I chose three wide long pieces that are 6 X 36 inches for the front of the sign, and a more narrow 2 X 36 inch piece to run along the back to brace the larger pieces of wood. The narrower piece will be cut into two pieces which can be done with a hand saw.
# 4 Practice Writing on the Back of the Wood
I wrote out my scripture verse on the back of the wood to be sure it was all going to fit. Use a pencil and make the letters about the size you want them to be that will allow room for all you want to say.
After you have practiced writing in pencil on the back of the wood pieces, use your dry brush to practice as well. Motion the strokes you will use to write the letters. You may need to adjust your wording on the pieces if you think it will be difficult to fit all the letters because of your ability to paint.
Tip: Keep in mind that you will paint bigger letters than what you write with a pencil. Typically, the pencil tip is thinner than the paint brush tip will be, so allow that when you are writing on the back.
# 5 Sawing and Painting the Pieces
The more narrow piece needs to be sawed into two. Those pieces will act as braces on the back of the three larger pieces. You will paint those also.
Spread the newspaper or cloth out in a well ventilated area that will allow for good drying. Spread enough for all the pieces. Also, we will only paint the main side of the wood, and it's edges.
After you have practiced writing what you will say on the back of your wood, paint the wood. I wanted my sign to be wood colored. I chose a brown. You could choose a gray, black, or anything you want. Be sure the wood color will be dark enough to show the lighter color of your words.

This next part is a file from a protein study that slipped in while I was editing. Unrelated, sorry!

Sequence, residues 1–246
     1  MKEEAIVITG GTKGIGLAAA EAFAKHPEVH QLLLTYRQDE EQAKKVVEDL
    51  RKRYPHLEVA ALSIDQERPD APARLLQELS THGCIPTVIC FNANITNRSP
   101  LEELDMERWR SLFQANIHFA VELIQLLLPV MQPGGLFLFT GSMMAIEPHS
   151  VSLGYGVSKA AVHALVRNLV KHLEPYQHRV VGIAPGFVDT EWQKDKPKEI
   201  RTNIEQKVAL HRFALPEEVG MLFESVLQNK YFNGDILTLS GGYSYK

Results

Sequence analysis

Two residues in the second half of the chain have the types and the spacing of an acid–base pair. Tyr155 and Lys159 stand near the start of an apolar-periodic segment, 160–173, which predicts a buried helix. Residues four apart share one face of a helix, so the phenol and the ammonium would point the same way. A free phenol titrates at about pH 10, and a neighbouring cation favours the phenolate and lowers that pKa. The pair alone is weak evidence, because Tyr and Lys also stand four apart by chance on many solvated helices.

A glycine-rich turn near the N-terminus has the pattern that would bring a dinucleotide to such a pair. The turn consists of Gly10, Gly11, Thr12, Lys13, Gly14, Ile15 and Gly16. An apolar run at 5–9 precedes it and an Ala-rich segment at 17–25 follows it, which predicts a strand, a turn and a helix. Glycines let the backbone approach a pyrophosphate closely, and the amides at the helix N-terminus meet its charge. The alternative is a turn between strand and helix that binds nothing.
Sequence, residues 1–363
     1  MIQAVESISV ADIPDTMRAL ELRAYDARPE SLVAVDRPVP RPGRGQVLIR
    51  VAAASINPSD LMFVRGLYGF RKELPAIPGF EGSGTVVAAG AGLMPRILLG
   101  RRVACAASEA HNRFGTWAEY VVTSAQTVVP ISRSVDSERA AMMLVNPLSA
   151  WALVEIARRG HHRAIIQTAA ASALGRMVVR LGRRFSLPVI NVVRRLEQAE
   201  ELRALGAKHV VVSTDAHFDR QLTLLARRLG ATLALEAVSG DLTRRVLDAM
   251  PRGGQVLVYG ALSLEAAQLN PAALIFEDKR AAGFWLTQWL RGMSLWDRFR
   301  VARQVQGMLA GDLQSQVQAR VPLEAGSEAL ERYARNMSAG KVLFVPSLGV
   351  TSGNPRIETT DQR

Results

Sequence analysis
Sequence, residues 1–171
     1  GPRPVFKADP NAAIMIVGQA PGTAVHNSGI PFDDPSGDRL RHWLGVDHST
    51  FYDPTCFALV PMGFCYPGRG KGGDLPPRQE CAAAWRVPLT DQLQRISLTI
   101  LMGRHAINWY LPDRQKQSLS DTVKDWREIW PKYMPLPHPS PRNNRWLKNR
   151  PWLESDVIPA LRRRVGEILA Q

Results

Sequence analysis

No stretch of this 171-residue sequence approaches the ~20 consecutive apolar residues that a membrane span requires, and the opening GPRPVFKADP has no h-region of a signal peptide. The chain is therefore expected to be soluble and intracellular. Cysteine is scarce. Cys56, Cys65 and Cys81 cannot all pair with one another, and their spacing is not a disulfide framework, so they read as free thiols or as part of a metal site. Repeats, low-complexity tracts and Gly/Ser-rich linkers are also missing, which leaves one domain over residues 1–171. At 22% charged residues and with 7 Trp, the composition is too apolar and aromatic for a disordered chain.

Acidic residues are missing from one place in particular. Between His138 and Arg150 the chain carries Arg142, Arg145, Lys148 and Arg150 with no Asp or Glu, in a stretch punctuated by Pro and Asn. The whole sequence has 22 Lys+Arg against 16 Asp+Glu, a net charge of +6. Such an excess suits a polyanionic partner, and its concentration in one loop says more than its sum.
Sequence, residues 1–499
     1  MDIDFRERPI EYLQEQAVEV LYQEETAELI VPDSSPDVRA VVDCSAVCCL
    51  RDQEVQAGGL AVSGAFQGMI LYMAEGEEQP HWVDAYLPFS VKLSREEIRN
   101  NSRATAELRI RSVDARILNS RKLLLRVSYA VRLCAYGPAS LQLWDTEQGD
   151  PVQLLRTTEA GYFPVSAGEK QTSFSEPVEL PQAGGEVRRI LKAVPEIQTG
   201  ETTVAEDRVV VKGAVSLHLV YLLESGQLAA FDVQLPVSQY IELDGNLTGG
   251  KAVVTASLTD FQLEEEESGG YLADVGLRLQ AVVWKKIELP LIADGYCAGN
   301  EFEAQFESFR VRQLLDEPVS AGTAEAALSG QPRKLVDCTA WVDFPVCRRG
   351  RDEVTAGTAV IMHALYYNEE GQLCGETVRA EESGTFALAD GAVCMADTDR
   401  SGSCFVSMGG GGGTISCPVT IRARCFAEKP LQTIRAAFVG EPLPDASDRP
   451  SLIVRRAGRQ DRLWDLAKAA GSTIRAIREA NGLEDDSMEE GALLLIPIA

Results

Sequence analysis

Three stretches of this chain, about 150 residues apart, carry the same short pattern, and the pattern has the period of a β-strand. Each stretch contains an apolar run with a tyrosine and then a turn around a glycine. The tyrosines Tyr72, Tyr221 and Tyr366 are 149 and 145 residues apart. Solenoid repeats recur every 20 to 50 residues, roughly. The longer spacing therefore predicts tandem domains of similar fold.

Pour some of your paint out onto a piece of the paper into a 'puddle'. Use this to dip your medium brush into to add your color to the pieces. Keep brushing until you have covered the entire surface of the showing wood pieces. This includes the edges.
Tip: Choose a fine tipped brush for the lettering, but make sure it is firm enough to press down on the wood to make letters clearly.
# 6 Write the Letters
Allow the paint on the boards to dry. You want to wait to paint the letters until the first paint is completely dry.
Using your lighter colored paint in a 'puddle' as you did before, slowly begin to paint your letters. Keep in mind how you wrote it on the back. Remember when it's time to change to the next line, and how many letters you must fit on each piece of wood.
Tip: GO SLOW! Don't rush the lettering. Take your time, and think about what you are doing.
# 7 Cut the Rope
For a large sign like mine, just about all of the 45 inches of rope was used to hang the sign. If the sign is smaller, estimate what you will need for the sign and cut accordingly. The way to do that is to think of how you want the sign to look when it's on the wall. I wanted my sign to hang from quite a bit of rope. I didn't want it to hang right from the rope directly behind the sign. I wanted the rope to be seen as the sign hung.
I used about 42", so the sign would hang with 21" on each side of the screw down from the wall. It gives the appearance of a triangle of rope.
If you have slightly frayed ends on your rope, make sure you allow for more length. You will not be able to put the screw into the frayed part of the rope because it will not be able to hold the weight of the sign.
# 8 Screw the Wood and Rope
You will need a screw in every piece to attach to the smaller brace piece. That's six screw for the pieces, and two for the rope.
We are using short screws because the wood is thin to begin with, and if the screws are too long they will show through the front of the sign.
The wood is fairly soft. Place your pieces flat how you want them put together. Start putting a screw into each of the three larger pieces, and then attach them to the brace pieces.
Finally, screw the rope to the top piece of wood for hanging.
Finished Project Above Our Bed
6.99-22.00 (small-large sign)